- Are Lexapro and Ativan the Same Thing?
- What Are Possible Side Effects of Ativan?
- What Are Possible Side Effects of Lexapro?
- What Is Ativan?
- What Is Lexapro?
- What Drugs Interact with Ativan?
- What Drugs Interact with Lexapro?
- How Should Ativan Be Taken?
- How Should Lexapro Be Taken?
Are Lexapro and Ativan the Same Thing?
Ativan (lorazepam) and Lexapro (escitalopram) are used to treat anxiety.
Ativan is also used to treat insomnia, panic attacks, and alcohol withdrawal.
Lexapro is also used to treat major depressive disorder in adults and adolescents who are at least 12 years old.
Ativan and Lexapro belong to different drug classes. Ativan is a benzodiazepine and Lexapro is a selective serotonin reuptake inhibitor (SSRI) type antidepressant.
What Are Possible Side Effects of Ativan?
Most adverse reactions to benzodiazepines, including CNS effects and respiratory depression, are dose dependent, with more severe effects occurring with high doses.
- Muscle weakness
- Blurred vision
- Sleep problems (insomnia)
- Loss of balance or coordination
- Forgetfulness or amnesia
- Difficulty concentrating
- Changes in appetite
- Skin rash
What Are Possible Side Effects of Lexapro?
Side effects of Lexapro include
- sleep problems (insomnia),
- upset stomach,
- weight changes,
- dry mouth,
- ringing in the ears,
- decreased sex drive,
- impotence, or
- difficulty having an orgasm.
What is Ativan?
Ativan (lorazepam) is indicated for the management of anxiety disorders or for the short-term relief of the symptoms of anxiety or anxiety associated with depressive symptoms. Anxiety or tension associated with the stress of everyday life usually does not require treatment with an anxiolytic.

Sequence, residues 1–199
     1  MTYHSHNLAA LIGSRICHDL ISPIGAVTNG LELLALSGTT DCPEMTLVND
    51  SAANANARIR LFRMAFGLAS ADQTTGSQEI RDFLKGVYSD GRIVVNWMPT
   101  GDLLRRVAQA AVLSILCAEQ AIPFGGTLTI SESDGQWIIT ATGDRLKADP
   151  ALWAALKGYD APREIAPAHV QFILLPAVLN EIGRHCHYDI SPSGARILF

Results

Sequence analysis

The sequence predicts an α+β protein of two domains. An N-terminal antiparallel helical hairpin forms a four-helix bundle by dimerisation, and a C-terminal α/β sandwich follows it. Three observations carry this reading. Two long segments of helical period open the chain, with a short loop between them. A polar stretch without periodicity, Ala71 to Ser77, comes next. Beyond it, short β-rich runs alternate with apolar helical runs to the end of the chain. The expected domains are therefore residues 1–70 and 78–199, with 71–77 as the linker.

What is Lexapro?
Lexapro is a prescription medicine used to treat depression. It is important to talk with your healthcare provider about the risks of treating depression and also the risks of not treating it. You should discuss all treatment choices with your healthcare provider. Lexapro is also used to treat:
- Major Depressive Disorder (MDD)
- Generalized Anxiety Disorder (GAD)
Talk to your healthcare provider if you do not think that your condition is getting better with Lexapro treatment.
What Drugs Interact With Ativan?
Ativan produces increased central nervous system (CNS) depressant effects when administered with other CNS depressants such as alcohol, barbiturates, antipsychotics, sedative/hypnotics, anxiolytics, antidepressants, narcotic analgesics, sedative antihistamines, anticonvulsants,and anesthetics
The use of clozapine and lorazepam may produce marked sedation, excessive salivation, hypotension, ataxia, delirium, and respiratory arrest.
What Drugs Interact With Lexapro?
Do not take Lexapro if you:
- are allergic to escitalopram oxalate or citalopram hydrobromide or any of the ingredients in Lexapro. See the end of this Medication Guide for a complete list of ingredients in Lexapro.
- take a monoamine oxidase inhibitor (MAOI). Ask your healthcare provider or pharmacist if you are not sure if you take an MAOI, including the antibiotic linezolid.
- take the antipsychotic medicine pimozide (Orap®) because taking this drug with Lexapro can cause serious heart problems.
Do not take an MAOI within 2 weeks of stopping Lexapro unless directed to do so by your physician.
Do not start Lexapro if you stopped taking an MAOI in the last 2 weeks unless directed to do so by your physician.
People who take Lexapro close in time to an MAOI may have serious or even life-threatening side effects. Get medical help right away if you have any of these symptoms:
- high fever
- uncontrolled muscle spasms
- stiff muscles
- rapid changes in heart rate or blood pressure
- loss of consciousness (pass out)
Before starting Lexapro, tell your healthcare provider if you:
- Are taking certain drugs such as:
- Triptans used to treat migraine headache
- Medicines used to treat mood, anxiety, psychotic or thought disorders, including tricyclics, lithium, SSRIs, SNRIs, amphetamines, or antipsychotics